Takakura: We did it the Japanese way
Amman: AFC Women’s Asian Cup-winning head coach Asako Takakura paid tribute to her players after their 1-0 triumph over Australia, as her belief in Japan’s football philosophy was vindicated in grand style.
A day after her 50th birthday, Takakura gave her whole country a reason to celebrate, becoming the first female coach to lead the Nadeshiko to a major international trophy thanks to substitute Kumi Yokoyama’s sensational late winner.
The former playing great revealed her pride, both at her side’s achievement and the quality of the spectacle.
“We knew since the beginning that the match tonight would be the difficult one, and I believe it was a match worth watching and one of the best matches that Asia can show at this moment,” she said.
“I’m proud to have such a great match against one of the best countries in Asia and in the world – Australia.
“We had very difficult time (tonight). Not for a short time, for a long time. I’d like to congratulate my players from deep in my heart.”
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Since being appointed as Nadeshiko head coach after Japan’s ill-fated 2016 Olympic Games qualification bid, Takakura has overseen a period of heavy experimentation, something the tactician believes was only perfected during the last two weeks of tournament football.
“I’ve been looking for new players all over Japan in the last two years, and we have had some suffering because we didn’t have good results in that time,” she said.
“But in this tournament, during the group stage, I had a plan in my head to use the best combination of the players and they did a great job with my plan. Even in the semi-final it worked very well.
“I have felt great development among my players. Of course the matches were very close, and we were on the edge, but we won those matches and I felt another level of development.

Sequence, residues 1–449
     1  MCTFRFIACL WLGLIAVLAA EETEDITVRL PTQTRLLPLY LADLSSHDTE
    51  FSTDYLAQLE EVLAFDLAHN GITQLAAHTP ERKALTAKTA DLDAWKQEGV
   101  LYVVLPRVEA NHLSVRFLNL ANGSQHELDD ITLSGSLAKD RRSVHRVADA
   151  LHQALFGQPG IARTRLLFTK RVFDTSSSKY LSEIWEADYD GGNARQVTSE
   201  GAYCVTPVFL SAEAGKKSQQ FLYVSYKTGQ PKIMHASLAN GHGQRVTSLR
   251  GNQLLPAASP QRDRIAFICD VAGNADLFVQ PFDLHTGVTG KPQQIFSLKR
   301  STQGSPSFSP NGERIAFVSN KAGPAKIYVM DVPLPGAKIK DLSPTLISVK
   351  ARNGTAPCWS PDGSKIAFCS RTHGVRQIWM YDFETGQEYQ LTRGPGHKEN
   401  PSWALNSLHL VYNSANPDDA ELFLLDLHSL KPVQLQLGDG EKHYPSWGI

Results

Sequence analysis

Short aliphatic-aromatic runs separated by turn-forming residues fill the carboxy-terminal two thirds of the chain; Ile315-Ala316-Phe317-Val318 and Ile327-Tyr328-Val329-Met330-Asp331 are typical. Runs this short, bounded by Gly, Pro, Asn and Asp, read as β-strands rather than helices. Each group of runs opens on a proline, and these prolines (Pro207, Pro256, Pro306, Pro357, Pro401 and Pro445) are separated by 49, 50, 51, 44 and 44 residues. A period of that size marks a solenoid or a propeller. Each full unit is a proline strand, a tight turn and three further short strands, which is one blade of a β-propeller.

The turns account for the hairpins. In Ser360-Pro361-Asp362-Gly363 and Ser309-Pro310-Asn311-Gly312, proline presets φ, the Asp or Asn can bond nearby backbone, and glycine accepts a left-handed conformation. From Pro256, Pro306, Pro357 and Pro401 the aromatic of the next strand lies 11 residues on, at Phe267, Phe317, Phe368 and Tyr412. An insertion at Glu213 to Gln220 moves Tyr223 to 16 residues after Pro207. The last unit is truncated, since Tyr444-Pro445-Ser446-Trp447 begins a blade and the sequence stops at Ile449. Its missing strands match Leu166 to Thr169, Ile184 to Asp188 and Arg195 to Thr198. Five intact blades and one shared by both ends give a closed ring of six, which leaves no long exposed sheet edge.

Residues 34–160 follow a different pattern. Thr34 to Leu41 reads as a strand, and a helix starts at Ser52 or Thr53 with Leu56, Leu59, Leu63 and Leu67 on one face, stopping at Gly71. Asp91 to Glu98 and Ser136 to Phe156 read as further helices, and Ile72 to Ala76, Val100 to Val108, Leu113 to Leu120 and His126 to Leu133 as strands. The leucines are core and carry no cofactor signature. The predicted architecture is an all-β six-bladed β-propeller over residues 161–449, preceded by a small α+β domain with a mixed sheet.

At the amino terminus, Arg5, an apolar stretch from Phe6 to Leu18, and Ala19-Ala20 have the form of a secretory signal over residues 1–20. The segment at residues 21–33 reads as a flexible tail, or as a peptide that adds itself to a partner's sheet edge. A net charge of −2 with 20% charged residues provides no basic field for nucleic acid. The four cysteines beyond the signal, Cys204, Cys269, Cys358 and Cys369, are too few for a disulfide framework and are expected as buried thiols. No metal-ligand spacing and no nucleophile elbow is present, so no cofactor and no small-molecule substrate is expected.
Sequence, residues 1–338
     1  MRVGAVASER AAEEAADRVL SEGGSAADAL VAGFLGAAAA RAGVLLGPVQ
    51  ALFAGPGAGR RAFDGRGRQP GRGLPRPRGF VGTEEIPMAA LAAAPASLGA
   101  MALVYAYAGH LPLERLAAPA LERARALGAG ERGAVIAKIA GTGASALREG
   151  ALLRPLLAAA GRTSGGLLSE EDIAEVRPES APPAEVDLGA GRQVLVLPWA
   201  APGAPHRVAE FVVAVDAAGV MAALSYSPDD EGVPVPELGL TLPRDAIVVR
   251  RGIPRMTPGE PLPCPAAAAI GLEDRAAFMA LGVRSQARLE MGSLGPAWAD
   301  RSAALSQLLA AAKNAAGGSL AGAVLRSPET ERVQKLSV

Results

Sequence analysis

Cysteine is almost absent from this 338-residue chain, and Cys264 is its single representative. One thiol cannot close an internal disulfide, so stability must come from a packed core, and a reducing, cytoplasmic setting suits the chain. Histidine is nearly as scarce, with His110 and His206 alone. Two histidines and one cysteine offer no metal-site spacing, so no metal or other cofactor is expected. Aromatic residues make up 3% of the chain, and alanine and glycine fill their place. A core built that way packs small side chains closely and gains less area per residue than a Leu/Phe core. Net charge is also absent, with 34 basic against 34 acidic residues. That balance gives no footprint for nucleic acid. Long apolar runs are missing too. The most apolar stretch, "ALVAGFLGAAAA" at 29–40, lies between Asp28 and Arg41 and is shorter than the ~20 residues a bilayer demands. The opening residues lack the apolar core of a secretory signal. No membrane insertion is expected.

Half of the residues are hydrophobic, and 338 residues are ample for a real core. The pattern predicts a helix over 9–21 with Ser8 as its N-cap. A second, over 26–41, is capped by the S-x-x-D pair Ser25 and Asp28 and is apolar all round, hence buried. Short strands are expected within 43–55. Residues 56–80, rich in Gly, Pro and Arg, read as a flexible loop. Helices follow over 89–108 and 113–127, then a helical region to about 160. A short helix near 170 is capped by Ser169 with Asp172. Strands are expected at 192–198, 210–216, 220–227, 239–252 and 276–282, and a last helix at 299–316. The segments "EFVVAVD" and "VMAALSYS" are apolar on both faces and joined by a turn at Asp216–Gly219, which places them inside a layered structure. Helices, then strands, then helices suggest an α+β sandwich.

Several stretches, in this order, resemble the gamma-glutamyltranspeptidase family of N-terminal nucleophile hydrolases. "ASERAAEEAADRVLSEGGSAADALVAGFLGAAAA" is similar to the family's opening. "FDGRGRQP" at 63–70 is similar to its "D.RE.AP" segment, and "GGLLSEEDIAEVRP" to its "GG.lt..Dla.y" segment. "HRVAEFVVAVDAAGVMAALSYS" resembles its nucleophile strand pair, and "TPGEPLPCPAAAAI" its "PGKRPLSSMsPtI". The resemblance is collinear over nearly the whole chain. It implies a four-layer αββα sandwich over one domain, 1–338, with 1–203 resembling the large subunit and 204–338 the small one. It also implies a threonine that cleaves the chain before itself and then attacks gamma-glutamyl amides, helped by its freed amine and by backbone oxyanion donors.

“I challenged them not to lower the level of the team, no matter who starts the match or starts as a substitute, and I’m very proud that we’ve won the championship.”
Having already led Japan to continental titles at U-16 and U-19 level, as well as the 2014 FIFA U-17 Women’s World Cup, Takakura has now led Japan to the highest achievement in the Asian women’s game at senior level.
The former midfield star put the success down to an adherence to Japan’s football philosophy and asserted her belief that her side can go much further, with the 2019 FIFA Women’s World Cup and Tokyo-hosted 2020 Olympic Games on the horizon.
“When I was a player, I was focused on myself to become the best player, but now as a coach I’m trying to help the players to develop and also trying to develop women’s football ain Japan,” she said.
“The young teams and senior teams are totally different, and I’ve been facing difficult days as the senior coach. I’m still on the way (as a coach).
“In this tournament we played in the Japanese way and won the title, and that gives us confidence, but I can go further and I must go further, so let’s see what happens.”
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